Bob Day is 75 now. A fisherman for much of his life, he grew up on Alaska’s Prince William Sound. He will never, ever forget or forgive the desecration of that place he loves — or what he described as “a horror movie in your mind.”
He and his wife, Angela Day, for years operated Dayville Hay & Grain. The Snohomish area business sells feed and livestock supplies. Customers may not know that the store near Harvey Airfield is named for the Alaska village Bob Day’s family settled near Valdez during the Depression.
It’s been 30 years since the Exxon Valdez oil tanker slammed Bligh Reef just after midnight March 24, 1989. With its hull torn open, it spilled 11 million gallons of crude into Prince William Sound. The disaster fouled the waters that were Day’s livelihood. It killed fish, seabirds and other creatures, and coated more than a thousand miles of coastline with oil.
“This was not only where I worked all my life, this is where I grew up,” Day said by phone Wednesday from Arizona.
Angela Day, once on the Snohomish County Planning Commission, is the author of “Red Light to Starboard: Recalling the Exxon Valdez Disaster,” published in 2014 by WSU Press. Her book won the Western Writers of America’s 2015 Spur Award for Best Western Contemporary Nonfiction, and recognition by the American Library Association.
“What inspired me to write the book was Bob’s experience,” she said. “None of what was written in books or scholarly studies really spoke to the spill from fishermen’s perspective.”
The couple moved from Snohomish in 2017. Angela Day, with a doctorate in political science from the University of Washington, has been an adjunct professor at Northern Arizona University. Someone else now runs the Snohomish business, but the Days hope to return to the Northwest.
Reflecting on the environmental catastrophe and an earlier natural disaster, the 1964 Alaska earthquake, Bob Day shared images and emotions he can’t shake.
The quake devastated the salmon run. Yet within a few years, after a survey of Prince William Sound, hatcheries were established. “Our industry came back,” he said.
He had a big boat, the Theresa Marie, named for his daughter, and became successful in the herring fishery. “Then the Exxon oil spill happened,” he said.
In chilling detail, he recalled the morning the supertanker ran aground. He was in Sitka, Alaska, with the winter fishery. He woke in a hotel room before 5 a.m. and turned on the TV. “It was breaking news: Tanker runs aground in Prince William Sound,” he said.
Committed to fish from Sitka for a few days, he got reports from his home waters. “It was like seeing a horror movie in your mind. I couldn’t believe it would really be that bad,” he said. Flying back to Prince William Sound, he saw — and could smell — that it was truly that bad.
“I started smelling that putrid crude oil. We looked down at the water, it was black with oil. Along the beach, we saw dead birds and sea otters,” he said.
Angela Day, 47, met her husband in Snohomish County after the spill. Her book includes his family’s history, which runs deep in Alaska. The Days came to what would become the 49th state from West Virginia during the Depression.
“They got off the boat in Valdez, and Bob’s grandfather decided this is a pretty good place,” she said. “They bought the fort across from Valdez and built a salmon cannery. Dayville became its own little village.”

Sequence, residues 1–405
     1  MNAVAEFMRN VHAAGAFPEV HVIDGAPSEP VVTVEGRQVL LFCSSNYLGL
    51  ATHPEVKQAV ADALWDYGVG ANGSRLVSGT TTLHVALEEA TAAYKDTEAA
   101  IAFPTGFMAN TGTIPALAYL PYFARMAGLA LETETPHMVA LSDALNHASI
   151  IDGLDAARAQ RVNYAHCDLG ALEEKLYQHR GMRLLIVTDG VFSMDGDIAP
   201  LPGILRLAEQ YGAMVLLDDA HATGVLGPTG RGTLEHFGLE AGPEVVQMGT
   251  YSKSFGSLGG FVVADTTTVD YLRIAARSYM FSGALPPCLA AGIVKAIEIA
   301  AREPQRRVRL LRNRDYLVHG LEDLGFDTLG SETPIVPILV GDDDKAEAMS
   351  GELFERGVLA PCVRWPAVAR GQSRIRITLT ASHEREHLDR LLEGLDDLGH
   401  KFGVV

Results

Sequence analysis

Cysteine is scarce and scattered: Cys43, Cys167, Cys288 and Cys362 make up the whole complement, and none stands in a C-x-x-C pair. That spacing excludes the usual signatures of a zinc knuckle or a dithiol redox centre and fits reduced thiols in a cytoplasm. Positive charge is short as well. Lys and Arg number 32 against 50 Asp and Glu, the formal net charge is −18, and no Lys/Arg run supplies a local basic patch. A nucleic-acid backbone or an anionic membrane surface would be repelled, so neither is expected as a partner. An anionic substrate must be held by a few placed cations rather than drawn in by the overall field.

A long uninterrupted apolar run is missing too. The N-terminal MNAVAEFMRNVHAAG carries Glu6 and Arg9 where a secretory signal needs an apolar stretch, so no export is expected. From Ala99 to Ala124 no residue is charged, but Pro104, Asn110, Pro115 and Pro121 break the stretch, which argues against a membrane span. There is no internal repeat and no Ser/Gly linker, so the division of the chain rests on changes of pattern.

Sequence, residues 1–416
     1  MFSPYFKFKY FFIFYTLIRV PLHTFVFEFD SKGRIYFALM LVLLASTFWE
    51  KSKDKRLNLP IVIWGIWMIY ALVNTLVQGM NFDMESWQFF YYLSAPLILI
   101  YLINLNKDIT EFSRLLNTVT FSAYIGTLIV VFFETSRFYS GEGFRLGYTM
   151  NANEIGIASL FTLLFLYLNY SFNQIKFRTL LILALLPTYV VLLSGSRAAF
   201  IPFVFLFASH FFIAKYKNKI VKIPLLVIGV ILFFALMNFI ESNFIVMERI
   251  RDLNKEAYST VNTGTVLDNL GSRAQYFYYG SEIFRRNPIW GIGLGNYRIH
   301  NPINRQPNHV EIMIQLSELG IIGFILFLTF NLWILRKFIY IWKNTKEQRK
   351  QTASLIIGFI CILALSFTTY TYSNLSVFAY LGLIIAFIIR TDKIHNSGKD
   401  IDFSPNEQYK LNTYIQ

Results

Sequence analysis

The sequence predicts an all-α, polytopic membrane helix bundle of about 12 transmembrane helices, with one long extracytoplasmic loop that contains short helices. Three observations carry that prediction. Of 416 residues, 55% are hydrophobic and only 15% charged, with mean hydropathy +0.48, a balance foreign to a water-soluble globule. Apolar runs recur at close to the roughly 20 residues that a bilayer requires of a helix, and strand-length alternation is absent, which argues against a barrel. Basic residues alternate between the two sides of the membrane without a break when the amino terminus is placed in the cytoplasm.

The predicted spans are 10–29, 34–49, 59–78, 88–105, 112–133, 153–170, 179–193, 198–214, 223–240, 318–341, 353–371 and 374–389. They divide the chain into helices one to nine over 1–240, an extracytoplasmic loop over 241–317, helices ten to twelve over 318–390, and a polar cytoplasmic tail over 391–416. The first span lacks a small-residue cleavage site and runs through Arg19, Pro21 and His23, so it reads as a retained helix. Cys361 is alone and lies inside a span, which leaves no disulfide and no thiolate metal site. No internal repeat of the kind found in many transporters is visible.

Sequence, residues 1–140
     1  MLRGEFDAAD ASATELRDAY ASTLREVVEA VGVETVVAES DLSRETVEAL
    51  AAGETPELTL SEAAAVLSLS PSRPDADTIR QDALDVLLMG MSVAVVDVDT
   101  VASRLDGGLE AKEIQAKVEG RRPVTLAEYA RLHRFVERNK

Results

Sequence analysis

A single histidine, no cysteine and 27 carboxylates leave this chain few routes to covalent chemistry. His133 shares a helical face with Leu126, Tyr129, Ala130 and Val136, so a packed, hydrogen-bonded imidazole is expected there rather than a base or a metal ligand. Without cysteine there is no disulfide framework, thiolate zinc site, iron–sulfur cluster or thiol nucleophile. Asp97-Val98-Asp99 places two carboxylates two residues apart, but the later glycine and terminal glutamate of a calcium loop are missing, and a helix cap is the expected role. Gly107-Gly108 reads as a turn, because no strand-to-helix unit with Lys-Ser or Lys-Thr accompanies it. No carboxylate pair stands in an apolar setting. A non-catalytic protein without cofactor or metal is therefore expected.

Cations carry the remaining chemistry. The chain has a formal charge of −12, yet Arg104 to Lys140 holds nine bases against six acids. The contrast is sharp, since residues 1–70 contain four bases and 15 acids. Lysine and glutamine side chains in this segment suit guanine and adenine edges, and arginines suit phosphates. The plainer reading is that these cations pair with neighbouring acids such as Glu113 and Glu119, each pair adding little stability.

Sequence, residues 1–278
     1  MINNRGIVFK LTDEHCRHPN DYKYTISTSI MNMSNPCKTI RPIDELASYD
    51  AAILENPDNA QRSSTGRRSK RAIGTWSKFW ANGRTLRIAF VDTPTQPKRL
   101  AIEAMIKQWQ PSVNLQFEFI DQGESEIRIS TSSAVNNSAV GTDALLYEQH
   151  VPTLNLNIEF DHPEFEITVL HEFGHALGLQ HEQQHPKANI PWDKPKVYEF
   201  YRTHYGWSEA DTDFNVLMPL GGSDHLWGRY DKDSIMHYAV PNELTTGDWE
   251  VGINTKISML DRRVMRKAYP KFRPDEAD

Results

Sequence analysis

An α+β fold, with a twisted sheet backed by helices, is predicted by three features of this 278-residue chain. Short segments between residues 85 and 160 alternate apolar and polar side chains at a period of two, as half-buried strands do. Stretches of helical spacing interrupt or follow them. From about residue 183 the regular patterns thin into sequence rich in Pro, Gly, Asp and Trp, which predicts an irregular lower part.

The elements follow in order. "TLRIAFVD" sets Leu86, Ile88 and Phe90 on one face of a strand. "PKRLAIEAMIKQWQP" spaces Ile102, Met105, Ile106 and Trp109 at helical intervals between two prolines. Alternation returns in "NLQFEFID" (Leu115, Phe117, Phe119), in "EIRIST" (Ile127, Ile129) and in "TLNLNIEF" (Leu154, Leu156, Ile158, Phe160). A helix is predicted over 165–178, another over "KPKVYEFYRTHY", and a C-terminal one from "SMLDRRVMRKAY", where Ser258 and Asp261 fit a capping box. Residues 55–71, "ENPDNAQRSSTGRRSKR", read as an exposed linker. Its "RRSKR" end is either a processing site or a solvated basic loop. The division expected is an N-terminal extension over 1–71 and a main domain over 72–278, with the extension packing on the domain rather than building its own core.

The trans-Alaska pipeline connects the Prudhoe Bay oil fields on the North Slope with Valdez, the ice-free port to the south. Bob Day’s father, Walter Day, was mayor of Valdez when the pipeline was being built, and had favored the project at the time.
“He believed it would be good for the economy, with the safeguards promised by industry to help prevent a spill,” she said. “That in some ways put Bob at odds with other fishermen.”
Bob was just a boy when he reeled in his first salmon. “I was hooked on the ocean and fishing from then on,” he said.
“I fished every nook and corner of that sound, for shrimp, herring, crab and salmon. I took my son when he was 8. I knew every beach, with big white pearly butter clams,” he said. Seeing the oily mess, “I knew, this is all gone. Everything you lived with.”
More than the personal, “Red Light to Starboard” tells the complex story of the spill’s messy aftermath. The author wrote of what she said were cover-ups, reckless management, safety violations and a broken regulatory system.
The tanker captain, Joseph Hazelwood, was acquitted of being intoxicated while at the helm. He was convicted of negligent discharge of oil — a misdemeanor. He was fined $50,000 and sentenced to 1,000 hours of community service.
Litigation lasted for decades. Exxon paid a fraction of an Anchorage jury’s initial award of $500 billion in punitive damages. Bob Day saw some compensation, but didn’t reveal how much. “It stretched out for years and years,” he said, adding that some victims had died before receiving any money.
“Ten cents on the dollar is what they awarded us,” he said. “When they go to the polls to vote, people should know how powerful big corporations are.”
Bob Day fished until 1991, and lived in Snohomish more than 20 years. He’s proud of his son, Ed, who continues to fish in Alaska. His 97-year-old mother, Gloria Day, and daughter also live there.
Northern Arizona is beautiful, but Bob and Angela Day are planning a move to Whidbey Island. If not a boat, Angela said they at least need a crab pot and some fresh fish in a pan.
“You can’t take the fisherman too far from the sea,” she said.
Julie Muhlstein: 425-339-346; firstname.lastname@example.org.